John F. Kennedy was elected president in 1960, at the dawn of a decade of great social change. The ‘60s became known for its civil rights, women’s rights and anti-war protests; it was the decade of the Beatles and of Woodstock, of bold new styles and artistic innovation. As Kennedy proclaimed in his inaugural speech, “The torch has been passed to a new generation of Americans.”
There are many different ways to view that great cultural transformation, but perhaps one of the best ways to visualize it is to compare two portraits of JFK himself—before and after his election—by Saturday Evening Post illustrators. What a difference a couple of years makes!
This first portrait was painted in the traditional style by Norman Rockwell for the cover of the Post in 1960, before JFK became president.
The Post had asked Rockwell to create portraits of both Nixon and Kennedy that year. Rockwell was nearing his retirement but went to the Kennedy family compound in Hyannis Port, Massachusetts, before the Democratic National Convention and began work on the cover portrait. Rockwell came to like Kennedy and ultimately voted for him, but kept his vote secret because the Post endorsed Nixon that year. Rockwell worked hard to make sure that his paintings of the two candidates were exactly equal, and no Post reader ever accused him of favoritism.
Even as Rockwell’s cover appeared on the newsstands, a bold new generation of illustrators was arriving on the scene. One of the most promising was the young Bernie Fuchs, whose fresh new style looked very different from Rockwell’s. Like Rockwell, Fuchs would go on to become an illustrator for the Post. In 1962 Fuchs was summoned to the White House to paint a new portrait of JFK.
I interviewed Fuchs about his experiences with JFK for my new art book, The Life and Art of Bernie Fuchs. Fuchs recalled that as the president began to pose, he looked the artist over and said doubtfully, “You seem awfully young to be such an important artist.” Fuchs, who had been sizing up the president from an artist’s perspective, was just thinking that Kennedy seemed awfully young to be president, but kept silent. What Fuchs did not find out until later was that the young president had just been informed that the Soviet Union had placed missiles in Cuba. In a few days, the world would be embroiled in the Cuban Missile Crisis. The torch had indeed been passed to a new generation.
When the portrait was completed, it had a vigorous, dynamic style that the president loved. He handed the portrait to his aides and said, “Go show this to Jackie.”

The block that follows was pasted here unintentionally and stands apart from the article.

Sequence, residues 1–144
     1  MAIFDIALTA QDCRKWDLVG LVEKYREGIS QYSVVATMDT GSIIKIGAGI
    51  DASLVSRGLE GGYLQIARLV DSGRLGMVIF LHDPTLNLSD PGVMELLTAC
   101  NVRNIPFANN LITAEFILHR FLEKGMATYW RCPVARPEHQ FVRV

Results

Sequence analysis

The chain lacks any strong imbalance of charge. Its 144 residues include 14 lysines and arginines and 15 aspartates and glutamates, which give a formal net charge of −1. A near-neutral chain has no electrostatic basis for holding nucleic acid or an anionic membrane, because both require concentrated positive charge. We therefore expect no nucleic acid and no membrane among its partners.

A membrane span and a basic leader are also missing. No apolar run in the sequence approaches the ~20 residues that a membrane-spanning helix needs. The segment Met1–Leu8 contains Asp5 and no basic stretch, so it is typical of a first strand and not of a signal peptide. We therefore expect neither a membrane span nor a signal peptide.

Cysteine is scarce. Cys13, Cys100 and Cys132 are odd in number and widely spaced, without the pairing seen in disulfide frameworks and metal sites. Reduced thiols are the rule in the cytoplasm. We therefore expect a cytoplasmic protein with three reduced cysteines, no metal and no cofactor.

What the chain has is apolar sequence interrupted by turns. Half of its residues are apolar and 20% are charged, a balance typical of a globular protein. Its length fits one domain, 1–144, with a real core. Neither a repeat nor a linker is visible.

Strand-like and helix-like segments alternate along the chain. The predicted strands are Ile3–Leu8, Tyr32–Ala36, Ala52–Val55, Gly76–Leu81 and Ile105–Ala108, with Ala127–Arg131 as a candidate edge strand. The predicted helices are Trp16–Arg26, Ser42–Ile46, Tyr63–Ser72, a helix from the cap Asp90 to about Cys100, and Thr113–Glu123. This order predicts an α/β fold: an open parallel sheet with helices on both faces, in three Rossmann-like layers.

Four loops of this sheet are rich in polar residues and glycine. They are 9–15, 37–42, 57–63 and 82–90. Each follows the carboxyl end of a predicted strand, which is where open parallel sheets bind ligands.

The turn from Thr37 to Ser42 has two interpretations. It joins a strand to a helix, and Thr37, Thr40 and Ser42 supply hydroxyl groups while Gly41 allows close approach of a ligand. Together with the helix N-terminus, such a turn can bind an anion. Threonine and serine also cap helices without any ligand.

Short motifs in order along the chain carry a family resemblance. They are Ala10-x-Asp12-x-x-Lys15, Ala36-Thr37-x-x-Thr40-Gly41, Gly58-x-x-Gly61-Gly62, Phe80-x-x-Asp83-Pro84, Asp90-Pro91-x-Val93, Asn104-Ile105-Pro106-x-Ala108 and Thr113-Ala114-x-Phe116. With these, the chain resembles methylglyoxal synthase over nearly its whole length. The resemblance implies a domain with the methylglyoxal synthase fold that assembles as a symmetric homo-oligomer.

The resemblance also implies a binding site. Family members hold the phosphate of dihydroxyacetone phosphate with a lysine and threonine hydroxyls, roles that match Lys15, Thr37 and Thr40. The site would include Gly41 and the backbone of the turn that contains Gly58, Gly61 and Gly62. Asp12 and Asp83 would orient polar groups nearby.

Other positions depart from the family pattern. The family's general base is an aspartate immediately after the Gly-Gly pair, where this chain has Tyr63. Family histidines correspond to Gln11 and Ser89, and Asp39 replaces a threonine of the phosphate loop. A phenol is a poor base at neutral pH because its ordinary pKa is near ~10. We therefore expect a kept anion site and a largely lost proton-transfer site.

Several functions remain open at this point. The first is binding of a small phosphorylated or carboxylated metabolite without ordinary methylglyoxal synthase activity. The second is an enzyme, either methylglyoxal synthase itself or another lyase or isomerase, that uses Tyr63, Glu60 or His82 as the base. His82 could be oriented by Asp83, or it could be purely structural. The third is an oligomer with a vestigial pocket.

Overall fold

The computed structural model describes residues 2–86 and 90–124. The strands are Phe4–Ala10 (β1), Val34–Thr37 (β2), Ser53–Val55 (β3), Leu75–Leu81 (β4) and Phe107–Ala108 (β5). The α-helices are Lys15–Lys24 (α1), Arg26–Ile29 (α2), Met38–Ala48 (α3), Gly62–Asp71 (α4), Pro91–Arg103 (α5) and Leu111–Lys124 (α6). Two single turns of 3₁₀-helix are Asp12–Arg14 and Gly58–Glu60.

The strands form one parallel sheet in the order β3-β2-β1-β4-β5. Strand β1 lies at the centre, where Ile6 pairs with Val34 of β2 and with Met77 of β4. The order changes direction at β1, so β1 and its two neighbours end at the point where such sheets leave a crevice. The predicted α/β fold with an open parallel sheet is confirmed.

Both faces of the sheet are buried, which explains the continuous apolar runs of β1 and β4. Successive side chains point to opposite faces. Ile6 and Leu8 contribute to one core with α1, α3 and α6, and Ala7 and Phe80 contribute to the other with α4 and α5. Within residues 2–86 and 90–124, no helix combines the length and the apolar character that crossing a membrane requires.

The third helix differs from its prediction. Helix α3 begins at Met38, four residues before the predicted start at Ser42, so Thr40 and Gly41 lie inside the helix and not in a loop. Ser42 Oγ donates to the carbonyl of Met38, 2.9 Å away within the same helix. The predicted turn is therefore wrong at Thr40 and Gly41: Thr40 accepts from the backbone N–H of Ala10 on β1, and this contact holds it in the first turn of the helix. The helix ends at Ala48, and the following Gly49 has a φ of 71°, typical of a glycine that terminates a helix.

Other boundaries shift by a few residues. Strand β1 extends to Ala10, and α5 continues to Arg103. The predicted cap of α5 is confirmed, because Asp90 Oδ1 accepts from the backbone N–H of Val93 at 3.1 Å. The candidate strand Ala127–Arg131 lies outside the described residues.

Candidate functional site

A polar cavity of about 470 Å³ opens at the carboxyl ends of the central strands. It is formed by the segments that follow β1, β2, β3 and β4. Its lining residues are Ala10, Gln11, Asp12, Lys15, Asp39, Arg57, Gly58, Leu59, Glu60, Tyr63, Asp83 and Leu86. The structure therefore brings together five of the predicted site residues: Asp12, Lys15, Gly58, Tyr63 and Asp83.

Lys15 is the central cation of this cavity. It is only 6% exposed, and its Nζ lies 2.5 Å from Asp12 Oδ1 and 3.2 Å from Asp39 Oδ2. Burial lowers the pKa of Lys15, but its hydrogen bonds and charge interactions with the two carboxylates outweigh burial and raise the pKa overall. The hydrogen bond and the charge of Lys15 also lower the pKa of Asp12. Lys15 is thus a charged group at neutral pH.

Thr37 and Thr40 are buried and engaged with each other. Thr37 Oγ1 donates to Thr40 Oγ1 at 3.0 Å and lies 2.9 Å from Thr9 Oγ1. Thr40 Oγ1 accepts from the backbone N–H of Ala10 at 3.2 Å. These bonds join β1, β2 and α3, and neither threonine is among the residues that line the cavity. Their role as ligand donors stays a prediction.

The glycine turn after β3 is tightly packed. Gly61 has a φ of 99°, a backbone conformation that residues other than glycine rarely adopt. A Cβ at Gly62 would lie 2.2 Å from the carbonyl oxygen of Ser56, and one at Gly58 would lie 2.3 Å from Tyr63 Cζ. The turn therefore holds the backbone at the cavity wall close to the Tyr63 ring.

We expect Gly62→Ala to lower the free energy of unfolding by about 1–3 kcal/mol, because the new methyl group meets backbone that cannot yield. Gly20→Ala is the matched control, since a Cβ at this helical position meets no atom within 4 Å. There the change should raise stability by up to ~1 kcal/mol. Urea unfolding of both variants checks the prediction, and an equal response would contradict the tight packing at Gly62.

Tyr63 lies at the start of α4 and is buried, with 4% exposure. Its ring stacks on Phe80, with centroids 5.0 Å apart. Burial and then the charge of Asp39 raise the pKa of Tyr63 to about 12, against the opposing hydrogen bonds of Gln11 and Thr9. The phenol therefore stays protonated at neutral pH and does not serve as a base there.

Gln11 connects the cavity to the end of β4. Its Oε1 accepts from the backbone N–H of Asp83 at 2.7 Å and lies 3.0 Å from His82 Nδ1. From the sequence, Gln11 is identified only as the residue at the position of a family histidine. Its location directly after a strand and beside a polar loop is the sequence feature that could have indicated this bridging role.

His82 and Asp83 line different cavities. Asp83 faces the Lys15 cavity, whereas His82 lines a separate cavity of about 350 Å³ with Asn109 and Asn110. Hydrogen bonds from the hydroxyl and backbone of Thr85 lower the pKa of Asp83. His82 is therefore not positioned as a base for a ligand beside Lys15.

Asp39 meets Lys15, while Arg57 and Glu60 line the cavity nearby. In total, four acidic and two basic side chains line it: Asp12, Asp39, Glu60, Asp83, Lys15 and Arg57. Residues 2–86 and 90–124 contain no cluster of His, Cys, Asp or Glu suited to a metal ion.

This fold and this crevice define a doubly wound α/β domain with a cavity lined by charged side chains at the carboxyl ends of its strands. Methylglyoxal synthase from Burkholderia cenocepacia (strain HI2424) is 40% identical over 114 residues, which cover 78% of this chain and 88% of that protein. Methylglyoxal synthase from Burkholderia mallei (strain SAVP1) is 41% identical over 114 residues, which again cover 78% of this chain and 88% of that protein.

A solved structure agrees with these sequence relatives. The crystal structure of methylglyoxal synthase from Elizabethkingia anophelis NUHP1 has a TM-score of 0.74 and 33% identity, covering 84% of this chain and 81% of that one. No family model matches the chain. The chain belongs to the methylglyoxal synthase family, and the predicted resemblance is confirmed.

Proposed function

Fuchs went on to do several well-known portraits of JFK. When Jackie Kennedy died in 1994, it was discovered that she had kept two of Fuchs’ pictures in her personal collection. His art seemed to embody the youthful, robust mood of Camelot.
Note the dramatic contrast between Rockwell’s portrait of JFK in 1960 and Fuchs’ portraits just a few years later. These pictures trace the changes in American taste and culture during those years.
Rockwell looked over his shoulder and recognized that he wasn’t able to do what the new generation of illustrators did. Their materials and working methods were very different, and they worked much more spontaneously. Rockwell worked carefully and used many preliminary studies, while Fuchs seemed to have boundless energy and enthusiasm for experimentation. Not only that, but Fuchs worked in an era when clients encouraged experimentation, while Rockwell’s clients preferred a more classical look and had discouraged him from becoming too adventuresome.
When Fuchs first came to the big city as a young artist, his work attracted a lot of attention. Albert Dorne, the president of the Famous Artists School, identified Fuchs as the most promising illustrator of the new generation, so he arranged a lunch meeting in Manhattan to introduce him to Rockwell. In art as in politics, the torch was being passed to a new generation. Fuchs recalled that the two liked each other and respected each other’s work very much, but felt that they didn’t have much in common. The world was changing rapidly, and they were painting for two different audiences.
Fuchs went on to paint illustrations using wild angle shots and new materials.
We have unexpected photographic proof that Rockwell admired and appreciated the bold work of the next generation. A photographer snapped a picture of Rockwell in his studio standing by his wall of inspirational art by great classical artists. He has displayed the work of giants such as Michelangelo, Rembrandt, Dürer, and other great artists. But down in the corner we see that he has also displayed a picture by the new kid on the block, Bernie Fuchs.
Despite his age, Rockwell had the vision to appreciate timeless quality from any generation.
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